“I prefer letting my fiancée choose her own stuff so I send over money to let her do her own shopping,” Zeb told Arab News.
“My mother is 60 years old and even now, every year my uncles send over her Barkha consisting of the new suits and traditional edibles,” he said.

Another key role of the boy’s family after an engagement — especially the aunties — used to be finding coy ways of somehow connecting the newly engaged couple.
“The aunts would try various rudimentary techniques, making it possible for the two to occasionally meet and understand each other before their wedding,” Pashto history professor Noorul Amin told Arab News.
But modern technology has relieved the aunties of that hectic job, as most couples now use their mobile phones and the Internet to get to know each other before they marry.
The parents too, are changing their minds.
“Allowing a monitored connection between the children is not an issue in my sight,” Naqeeb Khan’s to be mother-in-law told Arab News through an intermediary.
“I think it will help them in understanding each other better and increase their chances of living a happier life ahead,” she said.

Taking Barkha to the girl’s family is an occasion in itself. Women and children dress up in their finest clothes, making a grand entry with singers and dancers.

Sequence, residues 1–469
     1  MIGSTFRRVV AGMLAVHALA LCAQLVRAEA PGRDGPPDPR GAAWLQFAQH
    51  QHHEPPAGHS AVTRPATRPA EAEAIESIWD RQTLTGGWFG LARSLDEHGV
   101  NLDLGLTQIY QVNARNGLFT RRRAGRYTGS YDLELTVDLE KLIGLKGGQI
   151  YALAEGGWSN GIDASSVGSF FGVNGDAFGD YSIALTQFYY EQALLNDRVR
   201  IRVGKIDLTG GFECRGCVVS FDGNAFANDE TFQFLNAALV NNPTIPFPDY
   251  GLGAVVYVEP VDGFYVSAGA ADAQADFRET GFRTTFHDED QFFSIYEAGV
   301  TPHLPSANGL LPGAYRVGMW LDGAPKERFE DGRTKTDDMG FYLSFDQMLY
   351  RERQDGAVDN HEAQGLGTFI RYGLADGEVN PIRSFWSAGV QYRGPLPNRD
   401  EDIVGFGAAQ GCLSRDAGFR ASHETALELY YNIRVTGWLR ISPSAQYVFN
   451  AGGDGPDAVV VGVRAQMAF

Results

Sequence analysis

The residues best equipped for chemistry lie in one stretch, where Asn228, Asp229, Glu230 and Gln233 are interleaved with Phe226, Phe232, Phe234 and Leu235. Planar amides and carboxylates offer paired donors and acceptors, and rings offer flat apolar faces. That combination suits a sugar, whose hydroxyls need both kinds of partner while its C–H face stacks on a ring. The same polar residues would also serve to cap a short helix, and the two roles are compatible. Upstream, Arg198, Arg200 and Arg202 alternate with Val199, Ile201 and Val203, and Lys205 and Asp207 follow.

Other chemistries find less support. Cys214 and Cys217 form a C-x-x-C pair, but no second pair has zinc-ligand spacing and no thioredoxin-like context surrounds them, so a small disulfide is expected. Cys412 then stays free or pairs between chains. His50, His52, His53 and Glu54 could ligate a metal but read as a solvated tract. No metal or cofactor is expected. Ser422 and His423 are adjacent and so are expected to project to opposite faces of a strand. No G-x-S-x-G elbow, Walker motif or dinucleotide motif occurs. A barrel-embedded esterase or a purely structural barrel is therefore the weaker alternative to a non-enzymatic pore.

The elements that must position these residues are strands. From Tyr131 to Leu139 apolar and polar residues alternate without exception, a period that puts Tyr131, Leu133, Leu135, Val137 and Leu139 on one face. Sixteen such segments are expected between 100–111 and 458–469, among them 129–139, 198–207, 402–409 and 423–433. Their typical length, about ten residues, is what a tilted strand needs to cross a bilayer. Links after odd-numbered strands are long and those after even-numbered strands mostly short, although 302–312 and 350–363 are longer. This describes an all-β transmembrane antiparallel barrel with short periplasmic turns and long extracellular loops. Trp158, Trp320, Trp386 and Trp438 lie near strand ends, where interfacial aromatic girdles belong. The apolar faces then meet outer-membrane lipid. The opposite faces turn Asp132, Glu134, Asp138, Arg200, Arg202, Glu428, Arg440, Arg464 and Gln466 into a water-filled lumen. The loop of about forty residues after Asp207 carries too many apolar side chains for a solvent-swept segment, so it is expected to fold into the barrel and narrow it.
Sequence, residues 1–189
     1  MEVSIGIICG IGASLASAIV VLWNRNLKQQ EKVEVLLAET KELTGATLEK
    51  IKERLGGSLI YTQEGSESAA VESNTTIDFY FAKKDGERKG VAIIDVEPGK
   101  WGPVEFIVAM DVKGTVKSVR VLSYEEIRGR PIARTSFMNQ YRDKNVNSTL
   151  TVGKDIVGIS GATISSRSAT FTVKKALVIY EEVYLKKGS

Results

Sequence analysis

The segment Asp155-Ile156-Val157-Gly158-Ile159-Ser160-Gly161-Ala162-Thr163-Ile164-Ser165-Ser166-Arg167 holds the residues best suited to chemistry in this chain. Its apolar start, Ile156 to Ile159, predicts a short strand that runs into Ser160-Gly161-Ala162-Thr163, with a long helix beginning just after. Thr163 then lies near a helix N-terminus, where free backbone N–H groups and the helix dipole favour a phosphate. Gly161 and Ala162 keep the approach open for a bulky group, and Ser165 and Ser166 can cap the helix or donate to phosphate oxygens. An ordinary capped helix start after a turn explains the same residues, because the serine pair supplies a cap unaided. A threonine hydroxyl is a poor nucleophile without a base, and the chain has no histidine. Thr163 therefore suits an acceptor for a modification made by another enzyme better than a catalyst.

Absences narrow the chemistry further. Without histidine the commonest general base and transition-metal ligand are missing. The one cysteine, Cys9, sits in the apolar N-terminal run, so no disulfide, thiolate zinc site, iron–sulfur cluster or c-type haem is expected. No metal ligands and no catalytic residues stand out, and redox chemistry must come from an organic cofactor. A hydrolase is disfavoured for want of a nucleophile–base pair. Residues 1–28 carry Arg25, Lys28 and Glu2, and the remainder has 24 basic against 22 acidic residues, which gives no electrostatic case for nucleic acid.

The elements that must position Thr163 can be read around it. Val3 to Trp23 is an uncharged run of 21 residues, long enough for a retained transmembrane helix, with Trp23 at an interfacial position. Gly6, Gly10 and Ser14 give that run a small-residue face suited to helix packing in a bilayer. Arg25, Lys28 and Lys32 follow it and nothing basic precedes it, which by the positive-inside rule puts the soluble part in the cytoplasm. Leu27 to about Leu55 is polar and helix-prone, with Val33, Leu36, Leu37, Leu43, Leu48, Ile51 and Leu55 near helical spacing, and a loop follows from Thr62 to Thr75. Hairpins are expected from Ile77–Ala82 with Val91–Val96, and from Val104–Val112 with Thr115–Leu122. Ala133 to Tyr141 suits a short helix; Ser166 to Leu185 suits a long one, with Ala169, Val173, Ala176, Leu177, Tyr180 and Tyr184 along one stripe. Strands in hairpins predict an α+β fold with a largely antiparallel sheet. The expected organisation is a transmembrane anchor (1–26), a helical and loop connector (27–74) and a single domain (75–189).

Traditionally, the women play music with a dhol or drum. They sing songs on the way and inside the girl’s house, sit and chat with the bride, apply henna to her hands, show off her gifts, and have a meal together.

But as with all things, time has changed much. 
Anabia Yusufzai from the village of Katlang in Mardan was in a hurry as she downloaded songs onto a flash drive and collected a bluetooth device on her way out, as she left for the home of her uncle’s fiancée with the to-be bride’s Barkha.
“I don’t like the idea of carrying around drums and singing women,” she said. “It’s a lot easier just using a gadget.”

Saudi Arabia to invest $500 million in Pakistan’s energy sector — FM Qureshi

Updated 13 May 2021

Saudi Arabia to invest $500 million in Pakistan’s energy sector — FM Qureshi

  • Investment expected to improve Pakistan’s energy mix, as the country wants 60 percent of its power to be clean energy by 2030
  • Qureshi says a delegation of Saudi officials is scheduled to visit Pakistan after Eid Al-Fitr holidays

ISLAMABAD: Saudi Arabia is going to invest $500 million to strengthen Pakistan’s energy sector, Foreign Minister Shah Mahmood Qureshi announced on Wednesday, the state-run Associated Press of Pakistan (APP) reported.
The investment will come under agreements on cooperation in energy and infrastructure that were signed during Pakistani Prime Minister Imran Khan’s last week visit to the kingdom.